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Adobe Photoshop Mastery: Retouch and Restore

Lesson 16 of 20

Refined Texture Adjustments


Adobe Photoshop Mastery: Retouch and Restore

Lesson 16 of 20

Refined Texture Adjustments


Lesson Info

Refined Texture Adjustments

Let's, look at when we were talking about texture in images because a lot of vintage photographs have this kind of texture stuff going on. They seem to have so many different varieties, so let's, look at what are some of the things we could do about it so far, what we know about the texture is one approach is duplicate the layer and move it by about one pixel instead. It to darken mode sometimes that'll work, but I find that mainly works when the texture seems to be made out of little horizontal or vertical lines. In the one image I happen to be worked on when I was showing you that had little horizontal dashes of brightness, we can try it on this image, command j to duplicate, move the layer by one pixel and then set it to darken. But it's not helping that much here, it's barely changing the image. So what are some of the other things we could use? Let's? Take a look if I go to the filter menu and then I go to the choice called noise. There are choices like add noise for increasing th...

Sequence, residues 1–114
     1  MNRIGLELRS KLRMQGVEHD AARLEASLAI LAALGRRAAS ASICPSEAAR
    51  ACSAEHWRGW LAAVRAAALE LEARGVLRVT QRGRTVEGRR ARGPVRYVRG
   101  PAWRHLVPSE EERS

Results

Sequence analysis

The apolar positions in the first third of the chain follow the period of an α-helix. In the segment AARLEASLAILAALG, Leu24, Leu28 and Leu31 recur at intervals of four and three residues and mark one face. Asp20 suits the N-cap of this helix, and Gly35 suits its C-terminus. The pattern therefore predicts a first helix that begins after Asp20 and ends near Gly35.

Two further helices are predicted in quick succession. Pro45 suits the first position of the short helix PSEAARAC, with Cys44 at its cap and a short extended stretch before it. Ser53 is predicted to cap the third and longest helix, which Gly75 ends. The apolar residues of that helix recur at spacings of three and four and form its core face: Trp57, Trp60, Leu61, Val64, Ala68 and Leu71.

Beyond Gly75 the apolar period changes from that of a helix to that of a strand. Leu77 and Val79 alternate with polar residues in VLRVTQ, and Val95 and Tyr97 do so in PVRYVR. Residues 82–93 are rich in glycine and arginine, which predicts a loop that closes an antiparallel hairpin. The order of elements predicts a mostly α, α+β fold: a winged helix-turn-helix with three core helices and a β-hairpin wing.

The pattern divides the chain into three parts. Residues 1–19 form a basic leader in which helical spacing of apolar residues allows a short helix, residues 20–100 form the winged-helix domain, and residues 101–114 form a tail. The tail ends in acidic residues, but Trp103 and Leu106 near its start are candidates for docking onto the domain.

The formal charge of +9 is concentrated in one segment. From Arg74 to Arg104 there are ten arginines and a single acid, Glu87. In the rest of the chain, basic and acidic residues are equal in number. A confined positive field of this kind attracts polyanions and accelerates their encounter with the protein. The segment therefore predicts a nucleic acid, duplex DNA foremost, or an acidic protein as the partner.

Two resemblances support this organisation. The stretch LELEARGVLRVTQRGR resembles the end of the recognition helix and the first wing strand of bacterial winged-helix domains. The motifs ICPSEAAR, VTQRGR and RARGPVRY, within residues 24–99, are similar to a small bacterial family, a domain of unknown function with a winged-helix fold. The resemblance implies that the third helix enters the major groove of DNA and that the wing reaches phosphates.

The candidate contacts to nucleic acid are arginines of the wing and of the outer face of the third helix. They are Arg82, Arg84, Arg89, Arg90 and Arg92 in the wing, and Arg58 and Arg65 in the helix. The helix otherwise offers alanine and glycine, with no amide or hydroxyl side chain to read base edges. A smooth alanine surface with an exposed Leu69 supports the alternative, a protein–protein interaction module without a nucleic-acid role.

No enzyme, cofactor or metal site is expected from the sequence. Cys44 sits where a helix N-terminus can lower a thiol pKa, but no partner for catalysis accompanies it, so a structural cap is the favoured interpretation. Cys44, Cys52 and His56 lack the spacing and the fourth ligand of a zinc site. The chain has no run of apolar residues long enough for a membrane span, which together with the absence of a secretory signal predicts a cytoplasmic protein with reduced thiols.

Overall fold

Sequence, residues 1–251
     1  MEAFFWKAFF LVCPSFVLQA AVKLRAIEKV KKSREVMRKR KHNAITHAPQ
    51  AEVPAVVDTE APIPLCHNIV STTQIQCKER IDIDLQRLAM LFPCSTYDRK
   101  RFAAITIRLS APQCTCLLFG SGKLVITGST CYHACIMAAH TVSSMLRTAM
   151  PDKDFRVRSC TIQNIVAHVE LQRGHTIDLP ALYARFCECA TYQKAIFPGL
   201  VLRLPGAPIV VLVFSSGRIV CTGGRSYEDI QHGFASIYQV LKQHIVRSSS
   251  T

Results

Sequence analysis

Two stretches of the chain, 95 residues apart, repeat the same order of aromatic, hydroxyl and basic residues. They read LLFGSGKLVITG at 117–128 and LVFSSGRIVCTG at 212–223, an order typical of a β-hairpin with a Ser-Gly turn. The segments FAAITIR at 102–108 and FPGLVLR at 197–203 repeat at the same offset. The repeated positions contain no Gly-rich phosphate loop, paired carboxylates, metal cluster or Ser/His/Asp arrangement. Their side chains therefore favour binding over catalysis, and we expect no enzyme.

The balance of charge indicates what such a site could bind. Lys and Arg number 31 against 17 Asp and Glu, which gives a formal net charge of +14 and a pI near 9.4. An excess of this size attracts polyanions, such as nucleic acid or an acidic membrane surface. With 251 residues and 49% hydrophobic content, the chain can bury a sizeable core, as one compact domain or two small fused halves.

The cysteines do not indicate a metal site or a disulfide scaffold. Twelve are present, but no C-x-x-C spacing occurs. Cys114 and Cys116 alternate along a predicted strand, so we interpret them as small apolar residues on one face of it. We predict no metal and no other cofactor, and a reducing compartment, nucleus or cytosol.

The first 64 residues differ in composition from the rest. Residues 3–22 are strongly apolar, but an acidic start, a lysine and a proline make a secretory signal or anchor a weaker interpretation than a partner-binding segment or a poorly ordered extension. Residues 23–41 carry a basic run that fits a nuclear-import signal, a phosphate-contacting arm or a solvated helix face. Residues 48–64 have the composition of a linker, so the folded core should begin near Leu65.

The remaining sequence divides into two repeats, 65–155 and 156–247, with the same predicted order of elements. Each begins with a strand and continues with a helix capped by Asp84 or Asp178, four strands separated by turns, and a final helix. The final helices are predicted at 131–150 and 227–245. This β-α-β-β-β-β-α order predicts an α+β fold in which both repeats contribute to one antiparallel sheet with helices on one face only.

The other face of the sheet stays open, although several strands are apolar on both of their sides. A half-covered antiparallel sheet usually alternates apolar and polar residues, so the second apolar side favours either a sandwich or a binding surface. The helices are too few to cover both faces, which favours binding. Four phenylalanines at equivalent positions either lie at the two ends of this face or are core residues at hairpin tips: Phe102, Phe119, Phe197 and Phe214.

e amount of noise that's there, but some of the choices in here for getting rid of noise could be useful first there's, a choice called de speckle. If you find your texture of your paper is made out of very small specks de speckle can be useful sometimes you have to apply it more than once the very top filter is usual last when you used so if you just want apply twice go there to the very top in this image though that's not enough so let's try some others other choices that can help there's one called median is sometimes a meeting is setting of one or two not very often that go above three can help get rid of some of it can you see up in here we're starting the lessons seven if I turned the preview ofthe there's before term preview back on theirs after that seems to really help in the skin area and ah lot of the other parts I could always do that and if I did it to a duplicate layer and there's any party didn't like I could add a mask and say don't affect these little areas but that was under filter noise median there's also other one and that is if you have really smooth looking skin but you have some texture within it filter blur and then surface blur I think we might have mentioned that briefly well this is an image where I think it would be very useful won't help us much in the dark areas here but in this area here it can and that is whenever I use it, I bring threshold all the way up to begin with that pretty much turns threshold off it means act is if we don't have this feature and then I can adjust radius radius means how much blurring of my putting in until I figure out what is necessary to get rid of the texture looks like either too we're three and then I bring threshold all the way down which kind of turns it on and I try to find what is the lowest setting that smooths out that skin there were starting to get more smooth skin you see before and after smoothing out it's not enough for the eyes though and have to use a different technique for eyes and let's see if we have one of these others this one I noticed that there is all sorts of texture the most distracting part of it to my eye are the little bright highlights because they really draw my eye and I noticed that those really bright highlights have a somewhat vertical orientation, so they're almost like c shaped but mainly vertical orientation and I think that if I duplicate the layer and I move it one pixel left or right instead it too dark and mode at least the bright highlights will most likely uh be reduced or eliminated so before after in the bright highlights or what was really calling my eye to the texture then after that a might merge these two together and this is a case when surface blur might be an appropriate choice skin's not looking too bad there I don't mind the texture of the senate and so now I'm going to bring threshold all the way down and find out what's the lowest setting that still gives me that we still have some texture, but if you compare it to the original, which was that to me they're the texture was so distracting that it wasn't so much a usable photo where is after its semi usable and I might be able to get away with that to give you some idea of some choices for texture, I wish I had like the universal cure that completely eliminated but so often it is so ingrained in the picture that it isn't as easy to deal with before I move on to other things that are there any questions about the texture? Yes, well, because it is an old picture wouldn't a little bit of texture still it would be appropriate the the atmosphere of the picture yes, it can keep the feeling of the picture just like I don't always remove the cp atoned kind of look and make it a straight black and white if I make it a straight black and white, then it feels like you're trying to make it a modern photo, whereas if I keep a little bit of the cbo look and I keep it a little bit of the texture, it gives me that feeling of this is old. So yeah. So you got the skin it's generally, right? But you but he said, you want to fix the eyes, the thing I would add a layer mask and I would paint with black where the eyes are to say, don't apply this particular effect to the eyes, and then I might need to go in and do some manual retouching, too. The eyes like just where the bright highlights were, from the texture I come in and do some really careful cloning to cover up those things where I'm being critical of the detail. It's there one question that came in from online tell those clarification on how you were you moving the duplicate layer, one picks a lot of time. I was using the arrow keys on my keyboard, so if I end up, you need to first off being the move tool and secondly, use the arrow keys in your keyboard and that nudges it, uh, in one one direction, whatever direction you end up moving that great, thanks.